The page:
Passing on the Right

All states allow drivers to use the left lane to pass a slower moving vehicle, as long as there is more than one lane traveling in the same direction. But have you ever wondered whether – and when – it is permissible to pass a vehicle on the right?

The answer to this question depends upon the state in which you are driving. In most states, it is legal to pass on the right under certain conditions.

In Virginia, a driver is allowed to pass another vehicle on the right:[1]

  1. When the other vehicle is making or is about to make a left turn, and its driver has given the required signal;[2]
  2. On a roadway that is wide enough for two or more lines of moving vehicles in each direction, as long as the roadway is free from obstructions (such as parked vehicles); and,
  3. On a one-way street that is wide enough for two or more lines of moving vehicles, as long as the roadway is free from obstructions.

Drivers are not allowed to pass on the right unless they can do so safely. Also, drivers are not allowed to pass on the shoulder of the highway or off the pavement (i.e., off the main traveled portion of the roadway) unless there is a lawfully placed sign that specifically permits passing in these areas.[3]

Passing on the left

Passing on the left is generally considered to be safer than passing on the right because it is more predictable, which means that slower drivers are more likely to anticipate and realize that they are about to be passed. This is especially true on three-lane highways, where it can be difficult for drivers in the center lane to keep track of vehicles to their right and left, especially if those vehicles are weaving in and out of traffic or hanging out in another driver’s “blind spot.” Passing on the left reduces the chance that a driver in the center lane will attempt to change lanes as he or she is being overtaken, which could cause a collision with disastrous consequences.

A driver who violates Virginia law regarding passing on the right can be cited for aggressive driving, which is punishable as a Class 2 misdemeanor.[4] If the driver passed on the right with the intent to injure someone, the driver’s aggressive driving charge can be elevated to a Class 1 misdemeanor.[5] A conviction for a Class 2 misdemeanor can result in a $1,000 fine and up to six months of jail.[6] A conviction for a Class 1 misdemeanor can result in a $2,500 fine and up to a year in jail.

Driving behind slow-moving vehicles

Although it can be frustrating to drive behind a slower-moving vehicle, there are some actions that drivers can take to encourage slower drivers to move out of the way, such as sounding their horn or flashing their lights. In fact, if a driver wants to pass another vehicle, and then signals his intent to do so by sounding the horn or flashing his lights, Virginia law requires the slower-moving vehicle to move to the right (as soon as it is safe do so), and not increase speed until the pass is completed.[7] This is true even if the faster vehicle is speeding. Slower drivers who do not move out of the way, or who attempt to speed up while another vehicle attempts to pass them, can be cited for aggressive driving.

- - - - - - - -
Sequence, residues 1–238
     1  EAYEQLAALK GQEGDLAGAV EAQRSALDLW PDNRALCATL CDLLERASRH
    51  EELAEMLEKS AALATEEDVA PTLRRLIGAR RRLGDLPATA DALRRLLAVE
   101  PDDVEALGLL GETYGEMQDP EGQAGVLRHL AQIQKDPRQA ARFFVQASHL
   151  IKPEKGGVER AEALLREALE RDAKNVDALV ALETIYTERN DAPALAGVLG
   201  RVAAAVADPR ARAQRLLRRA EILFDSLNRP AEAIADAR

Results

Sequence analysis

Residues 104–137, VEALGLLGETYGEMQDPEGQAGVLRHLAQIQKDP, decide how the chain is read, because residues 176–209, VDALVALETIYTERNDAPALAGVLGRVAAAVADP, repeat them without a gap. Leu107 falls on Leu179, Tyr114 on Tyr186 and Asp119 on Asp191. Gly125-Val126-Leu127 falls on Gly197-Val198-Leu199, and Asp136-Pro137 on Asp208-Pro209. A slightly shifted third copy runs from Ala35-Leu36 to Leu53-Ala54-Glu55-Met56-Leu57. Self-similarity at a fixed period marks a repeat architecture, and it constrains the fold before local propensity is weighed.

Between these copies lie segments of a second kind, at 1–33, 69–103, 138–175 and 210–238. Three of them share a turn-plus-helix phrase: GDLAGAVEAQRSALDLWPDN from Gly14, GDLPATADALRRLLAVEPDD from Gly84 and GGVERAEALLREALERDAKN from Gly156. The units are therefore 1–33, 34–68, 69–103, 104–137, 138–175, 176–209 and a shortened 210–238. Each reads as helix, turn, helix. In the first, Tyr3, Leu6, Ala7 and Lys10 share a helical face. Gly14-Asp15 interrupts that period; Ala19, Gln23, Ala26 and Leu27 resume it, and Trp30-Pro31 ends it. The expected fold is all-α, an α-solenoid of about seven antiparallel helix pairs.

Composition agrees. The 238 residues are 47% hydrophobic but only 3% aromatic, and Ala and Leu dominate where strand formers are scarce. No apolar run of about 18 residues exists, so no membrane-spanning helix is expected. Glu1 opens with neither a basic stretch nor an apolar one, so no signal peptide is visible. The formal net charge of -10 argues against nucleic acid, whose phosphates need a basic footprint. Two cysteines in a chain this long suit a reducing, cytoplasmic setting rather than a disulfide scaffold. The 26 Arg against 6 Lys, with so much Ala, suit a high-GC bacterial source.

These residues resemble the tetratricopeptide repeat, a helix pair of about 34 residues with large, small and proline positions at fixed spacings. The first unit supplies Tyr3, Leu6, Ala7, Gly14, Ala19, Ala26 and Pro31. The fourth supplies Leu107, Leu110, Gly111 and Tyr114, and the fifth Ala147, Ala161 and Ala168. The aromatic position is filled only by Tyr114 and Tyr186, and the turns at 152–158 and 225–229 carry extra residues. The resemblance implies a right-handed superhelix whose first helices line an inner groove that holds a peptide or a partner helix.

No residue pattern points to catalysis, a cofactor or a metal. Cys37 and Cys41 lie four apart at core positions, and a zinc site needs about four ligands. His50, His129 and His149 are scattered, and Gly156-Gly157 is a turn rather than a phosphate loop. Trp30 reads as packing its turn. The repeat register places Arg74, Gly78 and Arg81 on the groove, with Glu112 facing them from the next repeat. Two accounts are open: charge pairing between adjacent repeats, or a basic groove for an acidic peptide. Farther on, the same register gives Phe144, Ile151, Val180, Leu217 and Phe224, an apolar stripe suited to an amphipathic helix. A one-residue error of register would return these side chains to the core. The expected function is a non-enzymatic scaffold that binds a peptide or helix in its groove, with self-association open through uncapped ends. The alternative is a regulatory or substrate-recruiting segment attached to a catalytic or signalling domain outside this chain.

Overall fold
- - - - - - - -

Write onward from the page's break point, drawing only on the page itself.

Aggressive driving and tailgating

Although faster vehicles can sound their horn or flash their lights, it is important to note that Virginia law does not allow them to “tailgate” or “ride the bumper” of the slower moving vehicle in front of them. Drivers who do so can be cited for following too closely, which can be considered aggressive driving.[8]

Knowing when and how to pass other vehicles is an important part of driving. Drivers who are aware of other vehicles and know the rules of the road can help to protect themselves and their passengers, reduce the risk of accidents, and stay out of trouble with the law.

About The Author: Ashley Davis is an attorney at Allen & Allen. Her role enables her to serve as a valuable resource to a team of more than 30 trial attorneys. She has more than 10 years of legal experience and currently serves as the Blog Editor for the firm.

[1] Va. Code § 46.2-841(A).

[2] Va. Code § 46.2-841(A)(1); see also Gary v. Artist, 186 Va. 616, 43 S.E.2d 833 (1947) (decided under prior law) (stating that one cannot pass a vehicle making a left turn on the right side unless the turning vehicle gives the required signal).

[3] Va. Code § 46.2-841(B).

[4] Va. Code § 46.2-868.1(A).

[5] Va. Code § 46.2-868.1(B).

[6] Va. Code § 18.2-11(b).

[7] Va. Code § 46.2-842.1.

[8] Va. Code § 46.2-816.